which comprehensively summarises recent progress on research regarding waterborne human enteric viruses. It reviews methods for concentrating and detecting viruses in water and compiles existing data on abundance and genetic diversity of viruses in water. It also discusses the use and importance of process controls in evaluating the efficiency of virus recovery and level of inhibition during the detection process.
Double disinfection, and UV-LEDs for drinking water treatment
A new study shows that a combined disinfection treatment with chlorine and UV radiation
can be highly effective in water disinfection. Chlorination followedby UV was more effective against a range of bacteriophages than either treatment alone. The same study reports that UV LEDs were effective against the same bacteriophages.
Fast-acting antidote in sight for cholera epidemics
Online fluorescence spectroscopy for the real-time evaluation of the microbial quality of drinking water.
A consortium of workers from UK water companies and academics carried out a study
which concluded that fluorescent dissolved organic matter (DOM) is strongly correlated with E. coli
and total bacterial cell counts. It is also superior to turbidity as an indicator of microbial water quality. They conclud3e that despite some limitations online fluorescent DOM sensors are a better indicator of the microbial quality of untreated drinking water than turbidity.
Direct pathogen detection in contaminated surface water
Workers in the USA studied a watershed
in which fecal coliforms have improved substantially in the watershed since its listing as a 303(d) impaired stream in 2002 and are now near United States recreational water criterion standards. Using molecular techniques they were able to detect
viruses (bocavirus, hepatitis E and A viruses, norovirus, and enterovirus G), bacteria (Campylobacter
spp., enterohemorrhagic and enterotoxigenic Escherichia coli
, uropathogenic E. coli
, Enterococcus faecalis
spp., and Vibrio
spp.), and eukaryotes (Acanthamoeba
spp., Entamoeba histolytica
, and Naegleria fowleri
. Comparison of the stream microbial ecology with that of sewage, cattle, and swine fecal samples revealed that human sources of fecal contamination dominate in the watershed.
Simple arsenic sensor
A hand-held sensor to measure arsenic levels in water
has been developed by researchers at University College London (UCL) and Imperial College London, with funding from BBSRC. The sensor uses a modified arsenite oxidase enzyme from E.coli. The small, sensitive and accurate sensor produces an immediate measure of the arsenic level in water, at a cost of less than $1 per test. This makes it suitable for testing multiple sites in rural areas in low and middle income countries, where the problem of arsenic poisoning from contaminated drinking water is greatest, and potentially saving lives. (patent application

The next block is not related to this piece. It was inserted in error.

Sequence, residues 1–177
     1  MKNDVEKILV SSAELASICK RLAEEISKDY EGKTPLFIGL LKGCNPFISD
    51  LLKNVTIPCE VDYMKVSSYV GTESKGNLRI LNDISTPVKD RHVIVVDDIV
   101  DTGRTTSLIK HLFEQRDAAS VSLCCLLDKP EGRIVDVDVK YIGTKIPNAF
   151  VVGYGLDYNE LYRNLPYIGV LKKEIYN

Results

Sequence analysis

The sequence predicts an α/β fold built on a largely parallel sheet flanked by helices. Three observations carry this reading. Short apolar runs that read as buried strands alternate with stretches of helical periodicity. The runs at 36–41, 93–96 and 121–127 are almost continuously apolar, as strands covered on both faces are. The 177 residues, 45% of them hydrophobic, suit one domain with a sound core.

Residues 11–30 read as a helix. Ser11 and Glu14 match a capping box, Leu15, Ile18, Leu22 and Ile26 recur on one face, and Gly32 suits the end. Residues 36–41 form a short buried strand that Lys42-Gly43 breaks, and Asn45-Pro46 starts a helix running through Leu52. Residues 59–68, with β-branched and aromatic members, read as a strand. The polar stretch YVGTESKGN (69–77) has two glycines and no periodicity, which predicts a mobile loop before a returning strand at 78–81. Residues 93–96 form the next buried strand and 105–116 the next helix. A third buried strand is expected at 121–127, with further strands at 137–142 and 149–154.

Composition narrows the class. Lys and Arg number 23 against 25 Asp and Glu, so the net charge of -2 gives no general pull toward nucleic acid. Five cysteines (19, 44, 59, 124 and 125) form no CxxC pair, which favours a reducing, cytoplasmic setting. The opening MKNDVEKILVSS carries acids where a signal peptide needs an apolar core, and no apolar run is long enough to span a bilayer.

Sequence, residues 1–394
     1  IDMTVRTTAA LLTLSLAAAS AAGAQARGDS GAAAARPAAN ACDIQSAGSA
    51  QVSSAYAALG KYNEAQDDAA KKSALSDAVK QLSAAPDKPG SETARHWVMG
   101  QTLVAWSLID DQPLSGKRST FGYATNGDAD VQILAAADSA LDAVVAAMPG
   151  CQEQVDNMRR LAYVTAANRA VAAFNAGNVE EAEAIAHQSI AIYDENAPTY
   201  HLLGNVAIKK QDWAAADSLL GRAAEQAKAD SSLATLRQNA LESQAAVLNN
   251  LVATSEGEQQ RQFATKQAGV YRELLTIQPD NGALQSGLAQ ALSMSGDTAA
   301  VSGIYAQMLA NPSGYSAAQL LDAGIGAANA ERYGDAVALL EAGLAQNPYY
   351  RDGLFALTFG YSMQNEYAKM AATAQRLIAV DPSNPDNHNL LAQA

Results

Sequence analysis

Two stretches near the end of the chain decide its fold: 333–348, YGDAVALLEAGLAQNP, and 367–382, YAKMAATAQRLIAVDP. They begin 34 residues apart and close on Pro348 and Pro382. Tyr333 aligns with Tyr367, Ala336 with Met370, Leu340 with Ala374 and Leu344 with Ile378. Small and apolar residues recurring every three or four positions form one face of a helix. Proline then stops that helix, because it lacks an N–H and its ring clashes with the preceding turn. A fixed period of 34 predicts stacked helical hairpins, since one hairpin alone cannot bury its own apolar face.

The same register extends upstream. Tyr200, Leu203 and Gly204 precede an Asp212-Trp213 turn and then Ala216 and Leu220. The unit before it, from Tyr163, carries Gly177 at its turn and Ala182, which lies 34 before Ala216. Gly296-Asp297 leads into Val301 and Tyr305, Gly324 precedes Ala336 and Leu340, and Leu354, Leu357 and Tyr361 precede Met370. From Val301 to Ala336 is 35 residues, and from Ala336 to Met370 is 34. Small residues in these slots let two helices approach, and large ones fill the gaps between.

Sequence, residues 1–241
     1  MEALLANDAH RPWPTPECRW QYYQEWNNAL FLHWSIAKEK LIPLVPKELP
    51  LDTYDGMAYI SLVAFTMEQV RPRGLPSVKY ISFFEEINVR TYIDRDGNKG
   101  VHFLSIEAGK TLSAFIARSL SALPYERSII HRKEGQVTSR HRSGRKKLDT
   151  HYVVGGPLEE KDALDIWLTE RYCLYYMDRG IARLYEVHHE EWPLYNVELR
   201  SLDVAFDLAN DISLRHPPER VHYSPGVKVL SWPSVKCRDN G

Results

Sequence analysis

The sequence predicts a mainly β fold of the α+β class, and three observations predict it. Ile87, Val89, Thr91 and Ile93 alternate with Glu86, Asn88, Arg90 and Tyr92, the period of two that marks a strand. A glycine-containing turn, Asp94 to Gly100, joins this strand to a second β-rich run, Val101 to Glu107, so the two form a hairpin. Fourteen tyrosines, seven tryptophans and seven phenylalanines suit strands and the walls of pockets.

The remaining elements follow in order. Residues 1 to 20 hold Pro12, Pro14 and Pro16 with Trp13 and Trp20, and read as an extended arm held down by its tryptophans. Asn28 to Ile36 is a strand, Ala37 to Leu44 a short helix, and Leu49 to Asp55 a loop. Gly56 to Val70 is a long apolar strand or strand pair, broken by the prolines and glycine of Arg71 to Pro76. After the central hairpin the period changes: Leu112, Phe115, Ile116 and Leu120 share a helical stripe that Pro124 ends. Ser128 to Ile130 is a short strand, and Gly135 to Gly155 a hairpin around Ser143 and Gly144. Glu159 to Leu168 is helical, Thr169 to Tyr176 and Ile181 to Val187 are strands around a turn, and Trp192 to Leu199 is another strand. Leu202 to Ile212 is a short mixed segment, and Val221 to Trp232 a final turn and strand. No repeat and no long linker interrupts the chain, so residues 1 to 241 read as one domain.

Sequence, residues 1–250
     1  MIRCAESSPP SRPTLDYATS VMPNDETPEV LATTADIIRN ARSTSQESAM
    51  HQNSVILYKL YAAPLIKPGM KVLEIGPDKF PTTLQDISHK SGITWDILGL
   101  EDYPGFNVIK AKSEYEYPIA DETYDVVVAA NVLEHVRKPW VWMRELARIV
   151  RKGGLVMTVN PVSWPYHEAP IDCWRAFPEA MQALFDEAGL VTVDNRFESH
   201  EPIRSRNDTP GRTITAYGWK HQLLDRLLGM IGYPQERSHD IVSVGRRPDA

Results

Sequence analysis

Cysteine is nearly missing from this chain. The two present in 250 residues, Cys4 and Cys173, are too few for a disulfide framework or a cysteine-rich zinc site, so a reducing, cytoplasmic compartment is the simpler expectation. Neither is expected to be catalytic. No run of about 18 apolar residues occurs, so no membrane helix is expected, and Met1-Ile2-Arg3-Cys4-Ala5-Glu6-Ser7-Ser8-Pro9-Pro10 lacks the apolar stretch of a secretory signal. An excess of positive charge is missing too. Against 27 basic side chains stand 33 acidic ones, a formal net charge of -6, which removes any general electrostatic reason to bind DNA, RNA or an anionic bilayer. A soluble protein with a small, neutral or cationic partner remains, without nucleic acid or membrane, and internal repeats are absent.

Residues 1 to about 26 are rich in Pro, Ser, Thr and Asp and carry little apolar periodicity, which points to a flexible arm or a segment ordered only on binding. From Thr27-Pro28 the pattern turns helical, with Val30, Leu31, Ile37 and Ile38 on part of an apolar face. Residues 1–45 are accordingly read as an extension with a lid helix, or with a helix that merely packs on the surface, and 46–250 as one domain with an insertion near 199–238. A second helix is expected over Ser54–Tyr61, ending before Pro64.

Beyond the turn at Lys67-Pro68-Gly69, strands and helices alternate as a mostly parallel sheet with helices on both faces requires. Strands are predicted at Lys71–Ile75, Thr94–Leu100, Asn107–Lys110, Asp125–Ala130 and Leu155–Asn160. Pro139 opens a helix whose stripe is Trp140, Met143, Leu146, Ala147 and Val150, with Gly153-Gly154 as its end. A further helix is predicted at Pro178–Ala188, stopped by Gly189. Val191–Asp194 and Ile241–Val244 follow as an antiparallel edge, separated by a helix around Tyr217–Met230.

Efficiency programmes best strategy for water security
Combatting water shortage such as is affecting Capetown in South Africa by capital works takes a long time and cannot solve immediate crises. A recent article in Source magazine
argues that water efficiency measures can prove a more immediate solution. On the basis of cubic metres gained, water efficiency programme investments are much cleaner, cheaper, faster and fairer than building new supplies. Australia learned this lesson during its 10-year Millennium Drought. Building new dams would have cost US$1,370 per Megaliter (/Ml) of water delivered. By contrast, the same Ml could be added by plugging leaks in the network at a cost of only US$365/ Ml and the country gained additional supplies by replacing high flow plumbing fixtures for just US$454/ Ml, less than a third of the cost of developing new supply.
ATP for rapid water quality assessment
While FWR does not endorse commercial products, readers may be interested in a new test
which can indicate the microbial content of a clean water in 3 minutes. Water is filtered then any retained microbial cells are lysed and the ATP released is estimated using the luciferin/luciferase procedure. The same company offers a kit for determining coliforms and E.coli within 24 hours.
Legionella outbreak attributed to change in water supply source
A report on the Legionnaires disease out break in Flint, Michigan
attributes the outbreak to change of water supply source to the Flint River and consequent reduction in chlorine levels. The majority of the Legionalla